New Economy: The German Perspective, vol 70
Jochen Dehio (),
Hans Dietrich von Loeffelholz,
Waike Moos and
Michael Rothgang ()
in RWI Schriften from RWI - Leibniz-Institut für Wirtschaftsforschung, currently edited by Christoph M. Schmidt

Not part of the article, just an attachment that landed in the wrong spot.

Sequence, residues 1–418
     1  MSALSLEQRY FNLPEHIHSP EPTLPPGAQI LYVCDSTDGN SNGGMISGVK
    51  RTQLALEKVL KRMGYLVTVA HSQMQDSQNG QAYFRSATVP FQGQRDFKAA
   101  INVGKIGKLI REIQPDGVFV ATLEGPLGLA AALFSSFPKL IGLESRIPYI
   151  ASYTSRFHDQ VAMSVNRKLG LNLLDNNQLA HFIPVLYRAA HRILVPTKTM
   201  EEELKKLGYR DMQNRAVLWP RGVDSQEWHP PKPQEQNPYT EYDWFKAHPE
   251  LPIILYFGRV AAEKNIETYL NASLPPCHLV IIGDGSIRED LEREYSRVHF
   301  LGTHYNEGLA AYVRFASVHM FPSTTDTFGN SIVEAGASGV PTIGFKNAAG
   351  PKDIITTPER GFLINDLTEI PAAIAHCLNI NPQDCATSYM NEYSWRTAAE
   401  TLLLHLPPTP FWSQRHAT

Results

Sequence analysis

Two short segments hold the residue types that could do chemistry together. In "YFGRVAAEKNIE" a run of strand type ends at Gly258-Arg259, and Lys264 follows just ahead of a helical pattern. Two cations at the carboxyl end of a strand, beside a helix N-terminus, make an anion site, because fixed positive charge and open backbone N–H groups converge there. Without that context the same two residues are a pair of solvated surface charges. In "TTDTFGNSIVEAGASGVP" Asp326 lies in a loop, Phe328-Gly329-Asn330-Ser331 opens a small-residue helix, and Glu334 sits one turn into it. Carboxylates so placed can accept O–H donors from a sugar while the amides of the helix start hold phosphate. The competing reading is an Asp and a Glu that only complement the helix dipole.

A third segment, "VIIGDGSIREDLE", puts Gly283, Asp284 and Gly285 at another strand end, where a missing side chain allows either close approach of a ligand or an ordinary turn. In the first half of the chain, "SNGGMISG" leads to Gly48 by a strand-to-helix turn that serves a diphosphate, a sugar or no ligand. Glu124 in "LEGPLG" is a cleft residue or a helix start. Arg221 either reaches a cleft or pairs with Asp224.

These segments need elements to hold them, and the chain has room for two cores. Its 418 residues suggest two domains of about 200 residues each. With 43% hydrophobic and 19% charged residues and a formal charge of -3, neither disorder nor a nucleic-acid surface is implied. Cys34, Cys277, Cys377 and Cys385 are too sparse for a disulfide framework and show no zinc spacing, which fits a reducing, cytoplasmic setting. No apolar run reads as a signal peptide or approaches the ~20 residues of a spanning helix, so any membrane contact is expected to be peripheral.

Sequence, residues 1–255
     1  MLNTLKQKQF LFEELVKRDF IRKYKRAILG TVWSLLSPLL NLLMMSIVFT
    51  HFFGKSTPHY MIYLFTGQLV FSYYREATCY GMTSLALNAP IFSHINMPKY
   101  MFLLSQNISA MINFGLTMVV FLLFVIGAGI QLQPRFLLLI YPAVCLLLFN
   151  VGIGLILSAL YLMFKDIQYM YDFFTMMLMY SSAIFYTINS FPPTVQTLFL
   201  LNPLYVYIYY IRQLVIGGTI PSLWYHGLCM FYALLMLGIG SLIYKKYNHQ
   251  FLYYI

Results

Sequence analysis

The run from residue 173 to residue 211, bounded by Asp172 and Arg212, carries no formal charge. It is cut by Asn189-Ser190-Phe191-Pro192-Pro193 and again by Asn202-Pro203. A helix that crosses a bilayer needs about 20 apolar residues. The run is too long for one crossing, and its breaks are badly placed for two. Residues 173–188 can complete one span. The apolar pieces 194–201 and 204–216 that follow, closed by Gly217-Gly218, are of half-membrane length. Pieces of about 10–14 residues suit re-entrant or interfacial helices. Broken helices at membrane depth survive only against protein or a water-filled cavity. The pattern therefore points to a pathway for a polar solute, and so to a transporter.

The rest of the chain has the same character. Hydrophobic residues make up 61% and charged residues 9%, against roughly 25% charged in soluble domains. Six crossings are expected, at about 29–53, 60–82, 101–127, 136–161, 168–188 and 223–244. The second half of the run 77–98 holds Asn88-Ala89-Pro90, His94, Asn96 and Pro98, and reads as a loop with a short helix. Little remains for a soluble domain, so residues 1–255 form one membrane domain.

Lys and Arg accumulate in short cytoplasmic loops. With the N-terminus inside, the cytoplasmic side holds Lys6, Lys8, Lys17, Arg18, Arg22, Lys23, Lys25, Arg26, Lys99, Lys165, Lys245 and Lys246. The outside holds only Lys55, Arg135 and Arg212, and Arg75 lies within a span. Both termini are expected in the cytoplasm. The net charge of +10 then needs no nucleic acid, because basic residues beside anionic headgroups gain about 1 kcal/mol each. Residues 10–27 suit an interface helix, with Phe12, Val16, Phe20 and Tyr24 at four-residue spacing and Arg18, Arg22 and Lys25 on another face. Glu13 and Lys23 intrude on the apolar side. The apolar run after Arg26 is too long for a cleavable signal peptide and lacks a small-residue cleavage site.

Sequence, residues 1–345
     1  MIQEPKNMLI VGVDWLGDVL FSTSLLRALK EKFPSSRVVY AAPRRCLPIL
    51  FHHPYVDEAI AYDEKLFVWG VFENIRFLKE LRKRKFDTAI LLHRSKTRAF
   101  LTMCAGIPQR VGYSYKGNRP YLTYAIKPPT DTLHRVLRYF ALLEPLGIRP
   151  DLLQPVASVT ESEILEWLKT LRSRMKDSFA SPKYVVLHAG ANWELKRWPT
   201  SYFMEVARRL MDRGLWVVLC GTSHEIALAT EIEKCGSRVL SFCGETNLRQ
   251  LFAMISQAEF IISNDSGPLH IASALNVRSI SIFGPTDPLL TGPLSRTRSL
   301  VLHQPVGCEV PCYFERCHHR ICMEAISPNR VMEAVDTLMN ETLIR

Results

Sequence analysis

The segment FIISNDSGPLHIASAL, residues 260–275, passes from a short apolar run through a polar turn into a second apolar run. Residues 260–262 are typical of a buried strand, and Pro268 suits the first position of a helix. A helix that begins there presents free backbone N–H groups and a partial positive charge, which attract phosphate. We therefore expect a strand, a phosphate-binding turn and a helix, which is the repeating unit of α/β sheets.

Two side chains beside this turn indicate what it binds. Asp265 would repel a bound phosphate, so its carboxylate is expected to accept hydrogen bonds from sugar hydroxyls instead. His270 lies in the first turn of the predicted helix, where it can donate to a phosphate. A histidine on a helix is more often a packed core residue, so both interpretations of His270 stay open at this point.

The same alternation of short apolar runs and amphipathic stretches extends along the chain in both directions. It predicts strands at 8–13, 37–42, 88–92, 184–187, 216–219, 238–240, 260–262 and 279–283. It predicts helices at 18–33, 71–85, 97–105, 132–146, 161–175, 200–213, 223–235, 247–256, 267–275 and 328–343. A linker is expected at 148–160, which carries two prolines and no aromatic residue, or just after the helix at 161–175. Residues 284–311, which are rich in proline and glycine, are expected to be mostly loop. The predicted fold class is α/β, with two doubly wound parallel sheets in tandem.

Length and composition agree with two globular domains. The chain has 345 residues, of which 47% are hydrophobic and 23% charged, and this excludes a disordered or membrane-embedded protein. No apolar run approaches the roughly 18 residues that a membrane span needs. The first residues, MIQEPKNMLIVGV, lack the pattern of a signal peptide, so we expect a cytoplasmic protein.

For many observers the beginning of a dynamic economic and stock market upswing in the U.S. in the mid 1990s marked the start of a new era, the times of the new economy. This phenomenon has been under intense discussion ever since - both in the political arena as well as among scientists. Thereby the somewhat glamorous term new economy reflects the conviction held by its proponents that the use of new technologies will lead to a never ending acceleration of technological progress and economic welfare. The origins of this development date back a long time: More than 30 years ago, the starting point was the basic innovation "digitilization"". Production as well as application of information and communications technologies (ICT) are based on this principle. At the beginning of the seventies, the first microprocessor was produced. Some ten years later, the first personal computer was brought onto the market. The commercial use of the Internet has begun in the mid nineties. In view of the economic boom in the U.S. accompanying the introduction of the Internet, the question arises as to what extent the new economy actually has exerted lasting positive effects on productivity - not only in the United States, but also worldwide. Inspired by these developments, the Federal Ministry of Economics and Technology commissioned RWI, Essen, to study the driving forces of the new economy. In this report, the trends of the ICT sector and of the use of ICT products are analyzed with respect to the overall economic effects in Germany in comparison to the U.S. Further analyses were carried out regarding the intensity and effects of e-business. Finally, the influence of different methods of price measurement on productivity was analysed, since this is important for international comparisons of total factor productivity. The study culminates in a growth accounting calculation separating the contributions to economic growth by capital, labor, and technological progress.
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